Environmental Fields and Powder Measurement
Environmental Field and Particle Size Measurement
Yellow sand from Iraq (Middle East)
Yellow sand was observed in Western Japan in 2003 for three days starting March 25.
Regular yellow sand is sand dust that is blown into Japan carried by the Westerlies from the Chinese Continent. However, at around this time, there were no large-scale sandstorms on the Chinese Continent. They were, however, occurring in Iraq (Middle East), and yellow sand was considered to be the sand dust blown into Japan from these sandstorms.
According to the particle size distribution data obtained by collecting and measuring suspended particles in air on March 26, 2003, a peak attributed to yellow sand from Iraq exists near the 1 µm position, and a peak attributed to Japanese cedar pollen appears near the 30 µm position, as shown in the above figure. Whereas, according to the particle size distribution data obtained on April 11, 2002, a peak attributed to yellow sand from China appears near the 5 to 10 µm range.
The distance from Iraq to Japan is about 8,000 km. During the time that yellow sand is carried by winds this long distance, coarse particles gradually sink and fall to the ground, while only micro particles reach Japan. So, it can be seen that yellow sand from Iraq is considerably smaller than the yellow sand from China which is relatively close to Japan.
With the advance of global warming and drying, the adverse affect of yellow sand on the human body and the environment is a matter of concern. Actually, we feel amazed at the fact that sandstorms occurring in the Middle East affect Japan's air thousands of kilometers away. Differences in particle size of yellow sand that occur due to differences in geographical location also may need to be sufficiently investigated in the future.
Each of the data introduced here were collected by the SSPM-100 Sampler for Suspended Particulate Matter, and were measured on the SALD-7000 Laser Diffraction Particle Size Analyzer .
Particle Size Distribution of Yellow Sand
In the spring of 2002, unusually large amounts of yellow sand fell from the skies, causing a yellow haze in Japan's skies. In Japan, the effect of this, apparently, was the greatest in Sapporo in Hokkaido, Japan's northernmost island, so much so that people could not hang their washing out to dry because of the large volumes of dust. Moreover, it seems that Peking and Seoul suffered the most serious damage, with human casualties being reported and public alerts being issued.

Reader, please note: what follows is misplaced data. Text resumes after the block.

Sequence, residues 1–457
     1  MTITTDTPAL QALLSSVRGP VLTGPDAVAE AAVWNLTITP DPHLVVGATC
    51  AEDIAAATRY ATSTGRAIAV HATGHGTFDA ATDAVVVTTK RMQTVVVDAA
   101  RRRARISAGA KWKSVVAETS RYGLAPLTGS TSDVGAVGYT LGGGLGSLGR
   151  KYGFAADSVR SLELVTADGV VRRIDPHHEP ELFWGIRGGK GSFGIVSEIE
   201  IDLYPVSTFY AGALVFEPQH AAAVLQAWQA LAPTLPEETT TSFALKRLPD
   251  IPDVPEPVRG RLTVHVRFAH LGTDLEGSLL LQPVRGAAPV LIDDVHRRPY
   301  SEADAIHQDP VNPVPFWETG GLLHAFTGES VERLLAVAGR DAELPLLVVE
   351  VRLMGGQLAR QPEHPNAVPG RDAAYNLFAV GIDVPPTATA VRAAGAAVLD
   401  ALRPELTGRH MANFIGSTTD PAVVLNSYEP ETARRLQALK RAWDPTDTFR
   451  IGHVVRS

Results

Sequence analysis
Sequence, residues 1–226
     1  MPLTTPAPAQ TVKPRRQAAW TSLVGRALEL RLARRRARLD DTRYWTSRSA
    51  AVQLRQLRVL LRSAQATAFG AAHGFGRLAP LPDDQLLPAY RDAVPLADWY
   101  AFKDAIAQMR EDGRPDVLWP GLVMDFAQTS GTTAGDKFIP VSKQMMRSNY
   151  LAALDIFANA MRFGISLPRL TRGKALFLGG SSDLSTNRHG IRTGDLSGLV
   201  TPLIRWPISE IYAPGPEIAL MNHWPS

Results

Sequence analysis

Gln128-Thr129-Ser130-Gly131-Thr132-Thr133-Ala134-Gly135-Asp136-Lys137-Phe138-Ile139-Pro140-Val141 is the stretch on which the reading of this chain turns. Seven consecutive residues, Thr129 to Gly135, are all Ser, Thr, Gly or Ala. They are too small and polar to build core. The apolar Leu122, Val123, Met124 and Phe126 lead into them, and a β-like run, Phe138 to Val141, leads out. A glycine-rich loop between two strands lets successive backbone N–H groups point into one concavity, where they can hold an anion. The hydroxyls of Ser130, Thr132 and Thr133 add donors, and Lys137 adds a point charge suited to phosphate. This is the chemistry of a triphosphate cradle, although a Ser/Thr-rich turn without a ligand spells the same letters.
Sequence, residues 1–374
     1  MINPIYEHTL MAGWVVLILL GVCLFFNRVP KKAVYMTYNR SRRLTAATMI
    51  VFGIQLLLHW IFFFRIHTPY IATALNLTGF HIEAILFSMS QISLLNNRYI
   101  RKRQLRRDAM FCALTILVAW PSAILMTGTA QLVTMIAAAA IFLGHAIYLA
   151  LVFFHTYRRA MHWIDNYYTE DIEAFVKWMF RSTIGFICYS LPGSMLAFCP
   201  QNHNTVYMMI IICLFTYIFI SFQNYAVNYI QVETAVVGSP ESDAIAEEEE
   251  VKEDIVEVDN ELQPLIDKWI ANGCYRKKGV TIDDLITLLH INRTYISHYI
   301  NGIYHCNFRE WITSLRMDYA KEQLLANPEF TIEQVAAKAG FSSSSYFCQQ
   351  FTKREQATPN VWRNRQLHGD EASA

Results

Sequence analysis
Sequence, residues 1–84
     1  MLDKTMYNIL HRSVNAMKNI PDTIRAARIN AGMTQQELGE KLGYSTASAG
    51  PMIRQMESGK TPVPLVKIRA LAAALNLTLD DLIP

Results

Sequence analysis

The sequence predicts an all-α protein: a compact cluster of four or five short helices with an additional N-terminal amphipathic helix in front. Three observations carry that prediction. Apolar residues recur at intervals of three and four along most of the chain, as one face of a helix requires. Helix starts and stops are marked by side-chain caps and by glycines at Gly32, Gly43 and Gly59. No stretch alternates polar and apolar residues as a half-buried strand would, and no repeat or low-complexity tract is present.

After snow melts in spring, in the Gobi, Taklamakan and other deserts, large amounts of sand dust is blow up into the air by strong winds, after which it moves at a relatively low altitude (about 3,000 m) to eventually pour down on China, South Korea and Japan. Large particles fall down in comparatively short distances, while small particles are carried to far away places.
For example, Chinese yellow soil is the result of yellow sand having poured down and settled over many long years. Its particle size distribution (Fig. 1) is relatively large, while the particle size distribution of yellow sand sampled in Japan (Fig. 2) is smaller than that of Chinese yellow soil.
If global warming progresses and desertification is accelerated in all parts of the world, it is anticipated that the problem of yellow sand will grow increasingly serious. Yet, in Europe and America, phenomena like yellow sand, apparently, is not treated as that much of a problem due to the relationship between geographical and meteorological conditions, and research into it has not been advanced very much in these continents.
Accordingly, yellow sand is a problem facing China, Korea and Japan, and so will be researched mainly by these three countries in the future. The scope of influence of yellow sand and its particle size distribution are in a close relationship, and constitute an important subject of research.
Particle Size Distribution of the Red Soil Outflow
In Okinawa Prefecture(Japan), Prefecture, coral reefs have suffered irreparable major damage due to the outflow of red soil into the sea.
Though sedimentation traps and sedimentation basins are being produced as countermeasures for preventing the outflow of sediment when carrying out land improvement projects, they are designed specifically for large sediment particle sizes of 200 µm or more.
Measurement of the average particle size distribution of red soil has found that particles of 200 µm or smaller accounts for 3/4 of the soil and that particles of 20 µm or smaller further accounts for 1/2 of the overall soil amount. From this we could see that conventional means and methods were not stopping outflow of sediment in its tracks.
Though new measures have recently been devised to prevent this, coral reefs that are already lost will not return.
Specific Surface Area and Pore Distribution of New Materials Helpful to The Environment
We are faced by a number of issues that must be tackled, as typified by the removal of dioxin, sick building syndrome (formalin, etc.), removal of cryptosporidium from drinking water, emission suppression/separation/solidification of carbon dioxide or greenhouse gas, and countermeasures are being investigated to tackle these issues.
Countermeasures include ongoing development and use of numerous new materials such as active carbon, zeolite, molecular sieve, charcoal, ceramic membrane, hollow fiber membrane, photocatalyst, metal complex, carbon nanotube, and others.
There is something we should take note of here. That is, the majority of these have a micro (nanosize) structure and also have remarkable absorption properties. In other words, the measurement of specific surface area and pore distribution will be extremely important in evaluating these materials. Information on absorption properties can be obtained by applying the gas adsorption method, a typical specific surface area measurement method.